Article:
What To Do When A Single Insult Hits You More Intensely Than A Thousand Compliments


People suck. People are literally the worst. That’s why the human condition is so fascinating. We all have problems and we all have done plenty of shitty things. But there’s also bright spots in each and every one of us.

That’s why being judged is so terrifying. We’re trying so hard to bring out our bright spots, to nurture them and to allow them to grow. But in the back of our minds, we know there are also parts of us that suck. Parts of us that are mortal and weak and unstable. And we’re worried that, the minute someone distracts us from our bright spots and tries to get us to focus on the things that are wrong with us, we’re just going to fall into a dark hole of self-doubt that we’ll never be able to climb out of.

Insults, rejections, name-calling, hateful comments, humiliations. They’re all terrifying because they grow into a force so powerful that you feel like you can almost touch it. It slithers up behind you and sits heavily on your shoulders, slowly seeping into your lungs like a thick and powerful smoke. It’s suffocating and smothering. It actually has a physical affect on you – your heartbeat speeds up, the hairs on your body stand straight on end. Maybe you sweat or your eyes well up or you become aware that your throat has a huge lump in it and now suddenly you have to swallow that lump every three seconds.

Insults hit you in the gut with a full force. They knock the wind out of you and chip away at everything you’re trying to build up inside yourself. Suddenly they’ve completely taken over your entire being. Your mind. Your body. Your soul. You can think of nothing else except the fact that somebody out there doesn’t think you’re good enough.

It feels like approval is what we’re chasing after – we need compliments and validation and reassurance and encouragement. We crave to be told that we’re okay, that we’re good, that we’re liked. These things feed our bright spots with the water that we’re thirsting for. But the minute that someone criticizes us or humiliates us or insults us, those compliments slip through our fingers. No matter how tightly we try to cup them in our hands, the insults pull them out right in front of our eyes.

It only takes one. One hurtful thing that another person hurls at you like acid.

People could say a thousand nice things to you, but the loudest thing of all comes from the one person who told you that you aren’t good enough. That something is wrong with you. That you aren’t worthy of love or affection or acceptance.

An insult cannot be neutralized by a compliment. It can’t even be neutralized by a thousand compliments. It feels like, for every rejection or offensive comment that is hurled at us, we should be able to remove it from ourselves and our lives by putting a compliment in its place. But unfortunately, that’s not the way it works.

Insults leave a mark that goes deeper than something a compliment can sweep over or cover up. It shakes you to your core. It wakes you up and reminds you of the things within yourself that you’re most ashamed of. The things that you’re most afraid of the world noticing. The things that you’re convinced will chase everybody away if they are discovered.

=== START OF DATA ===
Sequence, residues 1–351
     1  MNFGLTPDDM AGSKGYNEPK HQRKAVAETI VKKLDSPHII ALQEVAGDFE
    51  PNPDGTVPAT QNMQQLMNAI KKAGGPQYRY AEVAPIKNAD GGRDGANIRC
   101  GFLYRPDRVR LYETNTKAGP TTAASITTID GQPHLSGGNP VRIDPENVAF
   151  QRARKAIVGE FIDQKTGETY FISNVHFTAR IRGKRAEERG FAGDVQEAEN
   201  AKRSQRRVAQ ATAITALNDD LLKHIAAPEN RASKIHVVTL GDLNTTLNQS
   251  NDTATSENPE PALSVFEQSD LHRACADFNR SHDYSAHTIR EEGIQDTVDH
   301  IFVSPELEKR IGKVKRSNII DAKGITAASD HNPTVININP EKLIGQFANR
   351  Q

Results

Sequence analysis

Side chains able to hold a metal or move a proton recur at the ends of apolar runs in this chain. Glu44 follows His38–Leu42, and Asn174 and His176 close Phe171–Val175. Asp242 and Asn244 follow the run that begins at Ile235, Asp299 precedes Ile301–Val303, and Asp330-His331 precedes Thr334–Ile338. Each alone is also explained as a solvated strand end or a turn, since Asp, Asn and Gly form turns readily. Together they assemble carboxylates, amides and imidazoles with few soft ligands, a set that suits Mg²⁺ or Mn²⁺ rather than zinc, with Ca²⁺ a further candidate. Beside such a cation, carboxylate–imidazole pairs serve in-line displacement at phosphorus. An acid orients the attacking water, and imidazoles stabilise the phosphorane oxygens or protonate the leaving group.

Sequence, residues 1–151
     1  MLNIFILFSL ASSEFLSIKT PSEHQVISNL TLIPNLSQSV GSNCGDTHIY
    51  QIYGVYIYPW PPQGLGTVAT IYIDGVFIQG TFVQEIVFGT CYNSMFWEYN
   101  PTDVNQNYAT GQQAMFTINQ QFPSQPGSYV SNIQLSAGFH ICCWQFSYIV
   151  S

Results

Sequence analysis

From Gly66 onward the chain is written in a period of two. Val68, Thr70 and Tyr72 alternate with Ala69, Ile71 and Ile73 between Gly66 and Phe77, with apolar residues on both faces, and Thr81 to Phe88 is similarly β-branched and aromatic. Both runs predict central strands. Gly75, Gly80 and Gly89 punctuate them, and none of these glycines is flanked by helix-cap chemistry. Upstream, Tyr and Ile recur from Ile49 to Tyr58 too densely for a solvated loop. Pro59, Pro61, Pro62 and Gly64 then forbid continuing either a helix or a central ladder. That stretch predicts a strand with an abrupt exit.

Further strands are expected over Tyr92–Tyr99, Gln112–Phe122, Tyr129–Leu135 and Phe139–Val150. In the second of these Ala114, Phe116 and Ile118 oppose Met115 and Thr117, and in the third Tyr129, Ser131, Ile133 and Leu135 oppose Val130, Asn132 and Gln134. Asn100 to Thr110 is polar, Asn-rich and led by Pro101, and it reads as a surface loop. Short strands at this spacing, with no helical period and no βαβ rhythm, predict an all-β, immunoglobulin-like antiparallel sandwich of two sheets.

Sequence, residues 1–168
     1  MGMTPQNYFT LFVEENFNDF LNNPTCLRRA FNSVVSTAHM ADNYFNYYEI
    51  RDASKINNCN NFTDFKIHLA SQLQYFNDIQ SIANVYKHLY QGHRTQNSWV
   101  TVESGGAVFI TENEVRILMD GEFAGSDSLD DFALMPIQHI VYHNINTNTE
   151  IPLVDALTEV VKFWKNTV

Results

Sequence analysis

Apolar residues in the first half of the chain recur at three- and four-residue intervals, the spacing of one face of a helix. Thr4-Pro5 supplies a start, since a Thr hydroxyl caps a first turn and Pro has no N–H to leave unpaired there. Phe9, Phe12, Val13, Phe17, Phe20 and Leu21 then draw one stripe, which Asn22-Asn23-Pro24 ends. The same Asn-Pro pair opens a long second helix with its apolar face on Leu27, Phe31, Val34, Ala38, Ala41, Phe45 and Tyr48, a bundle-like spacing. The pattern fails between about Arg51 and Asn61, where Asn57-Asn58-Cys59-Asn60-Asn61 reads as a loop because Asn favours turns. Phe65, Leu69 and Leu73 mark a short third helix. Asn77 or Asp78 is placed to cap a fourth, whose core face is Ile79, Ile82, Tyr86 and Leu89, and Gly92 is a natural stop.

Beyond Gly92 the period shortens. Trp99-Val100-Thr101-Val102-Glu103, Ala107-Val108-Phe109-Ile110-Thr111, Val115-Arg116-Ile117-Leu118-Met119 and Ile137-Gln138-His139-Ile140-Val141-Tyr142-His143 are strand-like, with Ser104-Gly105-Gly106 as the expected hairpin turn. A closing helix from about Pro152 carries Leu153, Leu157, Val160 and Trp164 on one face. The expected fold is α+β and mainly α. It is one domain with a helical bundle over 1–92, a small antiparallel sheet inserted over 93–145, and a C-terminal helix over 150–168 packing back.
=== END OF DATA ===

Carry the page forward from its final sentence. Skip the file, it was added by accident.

At the root of all of this is our fear of being alone. Rejected. Unloved. Isolated. Ignored. Unwanted.

An insult is the very vocalization of what we’re begging people not to notice. What we’re begging people not to acknowledge. What we’re begging people to pretend is not a part of us. We do not want people to know there’s anything wrong with us, because we do not want people to run away from us.

There’s no cure. No remedy. No antidote. There’s no single thing that can stand up against a hurtful comment and throw it to the ground.

The only thing you can do is keep trying. Keep fighting. Not against the people who want to put you down, but against the idea that you should allow them to do so. Fighting against the very people who try to tell you that you’re worthless is a waste of time. They will never change their minds. They will never stop criticizing you or insulting you or judging you. Because in reality, they’re not actually focused on you. They’re focused on their own problems and they things they hate within themselves, or the things that they wish they saw in themselves.

For the most part, the insults they throw at you really have nothing to do with you at all.

So you know what? Let them insult and complain and belittle and criticize and judge and disapprove. The people who are using their energy to tell you that you suck are too busy picking apart your life and your personality and your talents to develop any talents or any life of their own.

They will judge the things that you do and say and create because they are too cowardly to create something of their own. They are focused on your life and trying to affect things inside your world because they have no world of their own.

So do not fight against them. Fight against the idea that you have to listen to them. Acknowledge that their words hurt, sting, burn. Acknowledge that a million compliments won’t chase those words away. But more importantly, acknowledge that you are human, you have faults, and you have weaknesses, just like everybody else. No one is going to stop loving you. As long as you keep creating, the insults are going to come. But so is the love.